Residential Cordless (Wireless Networks)

Residential Cordless
Cordless systems are short-range wireless telephone systems that are primarily used in residential applications. Cordless telephones regularly use radio transmitters that have a maximum power level below 10 milliWatts (0.01 Watts). This limits their usable range to 100 meters or less.

The earliest generation of home cordless telephones used a single radio channel that used amplitude modulation. These first generation cordless phones were susceptible to electrical noise (static) from various types of electronic equipment such as florescent lights. The noise encountered when using these phones sometimes created a consumer impression that cordless telephone quality was below standard wired telephone quality. Improved versions of cordless phones that used FM modulation to overcome the electrical noise resulted. As cordless phones became more popular, interference from nearby phones became a problem. In apartment buildings where there were many users of cordless phones in close proximity, the ability to initiate and receive calls could be difficult as radio channels became busy with many users. This led to the development of cordless phones that used multiple radio channels. As voice privacy became more of an issue, cordless phones began to use scrambled voice. Some of these voice privacy systems were analog while a majority of cordless phones that offer voice privacy use digital transmission.

Figure 1 shows the evolution of cordless telephones. Until the mid 1990’s, most cordless telephones were limited to use in a small radio coverage area of their base station that was usually located in the home. That home base station was normally connected to the telephone line of the owner (either residential or a single office telephone line) and they were not intended to serve the general public. To add more value to the use of cordless phones, cordless telephones evolved to allow access to base stations in public locations. Cordless telephones could then be used in the home and in areas that were served by public base stations. The next evolution for cordless telephones was the combination of other types of wireless products and services into the cordless phone. This included the combination of wireless office and cellular telephones into a cordless phone.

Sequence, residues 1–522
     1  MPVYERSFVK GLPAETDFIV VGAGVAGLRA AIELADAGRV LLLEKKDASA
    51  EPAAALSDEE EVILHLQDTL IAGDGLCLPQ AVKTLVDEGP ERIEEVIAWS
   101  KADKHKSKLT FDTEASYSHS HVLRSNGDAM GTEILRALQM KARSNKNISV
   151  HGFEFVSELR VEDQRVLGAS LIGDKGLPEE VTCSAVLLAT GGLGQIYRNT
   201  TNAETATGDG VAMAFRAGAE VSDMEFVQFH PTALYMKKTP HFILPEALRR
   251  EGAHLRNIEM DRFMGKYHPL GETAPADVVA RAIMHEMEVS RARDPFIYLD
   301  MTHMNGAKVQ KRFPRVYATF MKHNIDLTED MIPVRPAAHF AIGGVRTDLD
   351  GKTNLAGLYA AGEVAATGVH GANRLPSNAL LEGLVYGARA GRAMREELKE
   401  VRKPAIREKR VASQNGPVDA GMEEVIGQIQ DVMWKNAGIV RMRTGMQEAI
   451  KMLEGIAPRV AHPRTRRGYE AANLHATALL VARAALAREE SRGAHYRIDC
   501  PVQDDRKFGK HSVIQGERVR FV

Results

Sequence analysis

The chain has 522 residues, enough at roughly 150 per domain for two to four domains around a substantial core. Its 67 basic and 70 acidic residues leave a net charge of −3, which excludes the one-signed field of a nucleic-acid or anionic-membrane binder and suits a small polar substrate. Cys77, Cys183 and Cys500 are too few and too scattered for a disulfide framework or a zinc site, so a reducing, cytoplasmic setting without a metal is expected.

Figure 1: Evolution of Cordless Telephone Systems

Most home cordless telephones used frequencies in unlicensed radio frequency bands. Because so many homes operate cordless phones, each manufacturer must build-in circuitry to minimize the interference caused by other cordless devices. The original cordless phones use a very crowded frequency band (around 27 and 49 MHz) utilizing analog radio wave modulation. Recently, cordless telephones have been developed that operate in the 902-928 MHz unlicensed industrial, scientific, and medical (ISM) frequency band.

Residential cordless telephones must automatically coordinate their radio channel access as they operate independently of any type of network control. To coordinate radio channel access and avoid interference to other cordless handsets installed in the vicinity, cordless phones perform radio channel scanning and interference detecting prior to transmitting a signal.

Because cordless telephone systems do not as a rule have a dedicated control channel to provide information, the cordless handset and base station continuously scan all of the available channels (typically 10 to 25 channels). Figure 2 shows the basic cordless telephone coordination process. This diagram shows that when the cordless phone or base station desires to transmit, the unit will choose an unused radio channel and begin to transmit a pilot tone or digital code with a unique identification code to indicate a request for service. The other cordless device (base station or cordless phone) will detect this request for service when it is scanning and its receiver will stop scanning and transmit an acknowledgement to the request for service. After both devices have communicated, conversation can begin. When another nearby base station detects the request for service, it will determine that the message is not intended for it and will not process the call and scanning will continue.


Figure 2: Cordless Telephone System

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